Acollection of over two thousand Japanese prints, spanning approximately one hundred years from the Meiji era (1868-1912) through the 1970s.  The prints fall into threegenres, ukiyo-e (prints of the floating world), shin hanga (newprints), and saku hanga (creative prints).  (Find out more about these genres in the article A Very Brief Introduction to Ukiyo-e, Shin Hanga and Sōsaku Hanga.)

About This Collection

As you browse through these prints you'll see a wide range of artists, styles and subject matter.  In my fifteen years of collecting, I have bought what strikes my fancy and fits my pocket book.  This strategy does not a great collection make, but it has afforded me a certain freedom to explore new artists and genres and has led, I hope, to an interesting and representative collection of woodblock prints covering a roughly 100 year period.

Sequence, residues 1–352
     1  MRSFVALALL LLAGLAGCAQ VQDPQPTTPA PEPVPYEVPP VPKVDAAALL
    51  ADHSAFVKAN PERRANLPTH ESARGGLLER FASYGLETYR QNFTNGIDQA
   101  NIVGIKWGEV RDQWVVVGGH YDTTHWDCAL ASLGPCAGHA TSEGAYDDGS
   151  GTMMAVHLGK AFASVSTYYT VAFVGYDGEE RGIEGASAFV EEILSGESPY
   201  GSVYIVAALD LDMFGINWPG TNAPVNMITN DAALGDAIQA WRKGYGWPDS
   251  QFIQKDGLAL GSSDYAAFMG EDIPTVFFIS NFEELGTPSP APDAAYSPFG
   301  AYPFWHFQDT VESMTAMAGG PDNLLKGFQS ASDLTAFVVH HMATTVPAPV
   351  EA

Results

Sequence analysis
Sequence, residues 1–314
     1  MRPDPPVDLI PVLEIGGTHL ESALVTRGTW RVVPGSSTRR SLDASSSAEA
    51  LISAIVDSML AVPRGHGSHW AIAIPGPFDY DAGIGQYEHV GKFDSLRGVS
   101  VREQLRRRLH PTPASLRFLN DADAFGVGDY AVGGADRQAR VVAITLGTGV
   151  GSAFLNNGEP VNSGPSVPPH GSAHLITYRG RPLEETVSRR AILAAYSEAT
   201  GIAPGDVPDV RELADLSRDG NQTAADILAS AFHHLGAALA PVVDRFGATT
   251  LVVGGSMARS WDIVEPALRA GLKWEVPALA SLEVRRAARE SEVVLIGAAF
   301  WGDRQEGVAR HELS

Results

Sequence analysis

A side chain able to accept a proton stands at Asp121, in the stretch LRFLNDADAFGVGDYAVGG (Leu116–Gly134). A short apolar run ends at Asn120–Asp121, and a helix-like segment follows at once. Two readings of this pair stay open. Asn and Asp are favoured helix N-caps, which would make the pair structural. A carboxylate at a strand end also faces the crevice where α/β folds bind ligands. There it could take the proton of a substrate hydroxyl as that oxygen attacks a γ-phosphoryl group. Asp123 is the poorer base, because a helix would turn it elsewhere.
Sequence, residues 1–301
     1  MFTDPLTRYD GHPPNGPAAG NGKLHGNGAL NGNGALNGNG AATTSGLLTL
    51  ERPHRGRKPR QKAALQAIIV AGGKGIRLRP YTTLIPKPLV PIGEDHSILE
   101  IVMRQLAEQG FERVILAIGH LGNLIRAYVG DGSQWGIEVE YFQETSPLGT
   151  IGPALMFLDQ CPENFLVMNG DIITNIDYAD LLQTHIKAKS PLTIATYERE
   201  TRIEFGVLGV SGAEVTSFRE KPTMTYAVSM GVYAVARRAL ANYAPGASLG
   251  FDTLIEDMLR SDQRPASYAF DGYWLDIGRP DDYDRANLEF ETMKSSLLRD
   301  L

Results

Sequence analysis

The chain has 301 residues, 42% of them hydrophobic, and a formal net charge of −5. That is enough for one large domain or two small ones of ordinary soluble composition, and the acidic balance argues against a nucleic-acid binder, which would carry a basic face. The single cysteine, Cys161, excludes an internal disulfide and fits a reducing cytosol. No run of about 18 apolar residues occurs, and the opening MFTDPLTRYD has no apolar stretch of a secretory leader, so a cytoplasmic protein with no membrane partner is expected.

One of the wonderful things about collecting Japanese woodblock prints is the availability of countless thousands of designs created by hundreds, if not thousands, of talented artists.  Each print has a bit of story to go with it, which I have tried to ferret out and record in these pages and, of course, each artist also has a story, which I have also tried to portray (within the limits of my non-Japanese reading/speaking ability.)   As I discover, or you tell me about, more information on the artists and prints, I’ll add it.